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ADHD, Unleashed And At Large

No question about where I'll be this weekend
No question about where I’ll be this weekend

 

This weekend, in my city, SummerFolk, will again take over Kelso Beach Park. One of the larger folk festivals, and certainly the largest in this area, this 30 year old event has grown to flavour the third weekend in August with music and crafts. The city takes on an ambiance eclectic as friendly talk and happy laughter is heard echoing across Owen Sound bay.

Did I sound like I was writing a tourism promotion there? I was certainly trying to. But not to convince you to come to my town and take in SummerFolk, though I’d be thrilled if you did.

No, I was trying to explain just how big this is. Valdy, Don Maclean, Bruce Cockburn, Lawrence Gowan, Trout Fishing In America, Ennis, Shirley Eikhard and so many more well known and talented people & acts have played SummerFolk.

The creationist theory (sorry, wrong one)

So many of us are creative, and it is often wondered, by greater minds than mine, if creativity is a symptom of ADHD, or maybe a product of it. The truth is that, among my musical friends, very few of them are not in possession of more than a few ADHD symptoms, if not an actual ADHD diagnosis.

So even though this weekend would have a lot of things that might keep me away, crowds, too much ambient noise, too many distractions, a schedule, it also has a lot of things that attract me, music, musical instruments, crafts, my friends, my people.

My colleagues will be there, people who write and perform music. And while this festival is called a Folk Festival, the definition of Folk for the purposes of this show is a very eclectic one. And there’s a word that attracts me every time, eclectic. It defines me, my various jobs through my life, my hobbies, my friends and my interests.

Is this the Renaissance Movement?

I’ve been referred to as renaissance at different times, and I’ve always balked at that description. Renaissance has always seemed to me to be an all encompassing and inclusive word, my interests always seemed to be more scattered, more intermittent. Eclectic is a word I’ve loved since I found it.

So eclectic is a word that describes my interests, my work, my friends and even my music, both that which I listen to and that that I create and perform.

And an eclectic music festival is just too big a lure for me to resist. So if you’re looking for me this weekend, or for many of the people that I hang out with, we’ll be at SummerFolk2013. We’ll be singing, swaying, swinging & dancing, and playing along. You should come too, look for the brightly dressed, noisy, laughing group of spectators hanging out listening to the best acts and performers. That’s where I’ll be, that’s where we’ll be.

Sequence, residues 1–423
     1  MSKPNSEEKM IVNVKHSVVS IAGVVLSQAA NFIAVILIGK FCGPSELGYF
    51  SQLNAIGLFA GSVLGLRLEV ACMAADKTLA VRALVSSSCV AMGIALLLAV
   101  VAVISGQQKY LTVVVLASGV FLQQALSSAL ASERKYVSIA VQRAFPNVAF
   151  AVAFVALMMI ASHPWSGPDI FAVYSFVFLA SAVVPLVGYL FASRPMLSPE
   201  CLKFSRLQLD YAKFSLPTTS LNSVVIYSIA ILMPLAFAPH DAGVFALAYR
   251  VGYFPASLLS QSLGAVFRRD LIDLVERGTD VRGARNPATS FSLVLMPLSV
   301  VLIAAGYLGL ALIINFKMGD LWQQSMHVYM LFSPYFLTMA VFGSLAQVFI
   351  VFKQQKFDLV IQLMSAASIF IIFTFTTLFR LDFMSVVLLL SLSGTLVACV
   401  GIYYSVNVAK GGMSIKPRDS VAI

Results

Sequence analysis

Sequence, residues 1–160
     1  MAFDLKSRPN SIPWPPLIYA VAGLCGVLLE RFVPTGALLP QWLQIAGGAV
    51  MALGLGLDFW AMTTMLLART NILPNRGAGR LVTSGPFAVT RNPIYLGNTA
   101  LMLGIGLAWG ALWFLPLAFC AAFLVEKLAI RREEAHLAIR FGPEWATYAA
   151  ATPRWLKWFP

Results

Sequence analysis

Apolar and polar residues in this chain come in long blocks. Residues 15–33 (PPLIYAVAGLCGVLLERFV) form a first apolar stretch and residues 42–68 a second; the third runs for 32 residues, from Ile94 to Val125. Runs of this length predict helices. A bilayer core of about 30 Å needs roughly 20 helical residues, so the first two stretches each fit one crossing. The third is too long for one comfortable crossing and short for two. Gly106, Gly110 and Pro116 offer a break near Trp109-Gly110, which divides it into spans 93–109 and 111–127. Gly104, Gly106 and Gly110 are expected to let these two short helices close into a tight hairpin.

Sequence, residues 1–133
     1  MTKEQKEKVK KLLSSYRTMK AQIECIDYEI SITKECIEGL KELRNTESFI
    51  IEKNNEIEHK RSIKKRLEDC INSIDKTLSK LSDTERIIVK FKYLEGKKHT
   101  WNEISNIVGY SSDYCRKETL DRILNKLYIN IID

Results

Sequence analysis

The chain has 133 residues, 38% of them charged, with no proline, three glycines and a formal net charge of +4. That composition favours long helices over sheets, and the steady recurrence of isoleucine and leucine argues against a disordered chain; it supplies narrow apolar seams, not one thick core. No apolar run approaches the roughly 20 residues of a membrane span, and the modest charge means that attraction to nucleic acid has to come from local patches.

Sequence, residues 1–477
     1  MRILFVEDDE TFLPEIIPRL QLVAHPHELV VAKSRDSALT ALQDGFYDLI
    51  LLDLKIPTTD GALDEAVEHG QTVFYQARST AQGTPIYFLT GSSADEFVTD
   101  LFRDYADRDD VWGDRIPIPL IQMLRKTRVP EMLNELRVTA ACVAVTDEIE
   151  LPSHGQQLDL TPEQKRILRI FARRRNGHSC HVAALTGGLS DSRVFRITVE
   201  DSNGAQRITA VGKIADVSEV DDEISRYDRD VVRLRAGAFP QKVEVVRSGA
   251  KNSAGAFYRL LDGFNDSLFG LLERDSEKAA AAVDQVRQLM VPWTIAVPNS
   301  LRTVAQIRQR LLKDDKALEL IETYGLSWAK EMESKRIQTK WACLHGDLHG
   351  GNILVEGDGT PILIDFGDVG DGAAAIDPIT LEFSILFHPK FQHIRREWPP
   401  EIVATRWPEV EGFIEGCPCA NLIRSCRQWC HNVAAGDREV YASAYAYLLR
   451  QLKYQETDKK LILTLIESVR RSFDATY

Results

We’ll be at large, we’ll be unleashed, we’ll be forgetting about our troubles and symptoms. We’ll be the normal people, the normal ones for a weekend. At the very least, we’ll be indistinguishable from the neuro-typicals.

 

ADHD, Unleashed And At Large

Kelly Babcock

I was born in the city of Toronto in 1959, but moved when I was in my fourth year of life. I was raised and educated in a rural setting, growing up in a manner I like to refer to as free range. I live in an area where my family history stretches back 6 or more generations. I was diagnosed with ADHD at the age of 50 and have been both struggling with the new reality and using my discoveries to make my life better. I write two blogs here at Psych Central, one about having ADHD and one that is a daily positive affirmation that acts as an example of finding the good in as much of my life as I possibly can.

Find out more about me on my website: writeofway.

email me at ADHD Man


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APA Reference
Babcock, K. (2013). ADHD, Unleashed And At Large. Psych Central. Retrieved on April 20, 2019, from https://blogs.psychcentral.com/adhd-man/2013/08/adhd-unleashed-and-at-large/

 

Last updated: 15 Aug 2013
Statement of review: Psych Central does not review the content that appears in our blog network (blogs.psychcentral.com) prior to publication. All opinions expressed herein are exclusively those of the author alone, and do not reflect the views of the editorial staff or management of Psych Central. Published on PsychCentral.com. All rights reserved.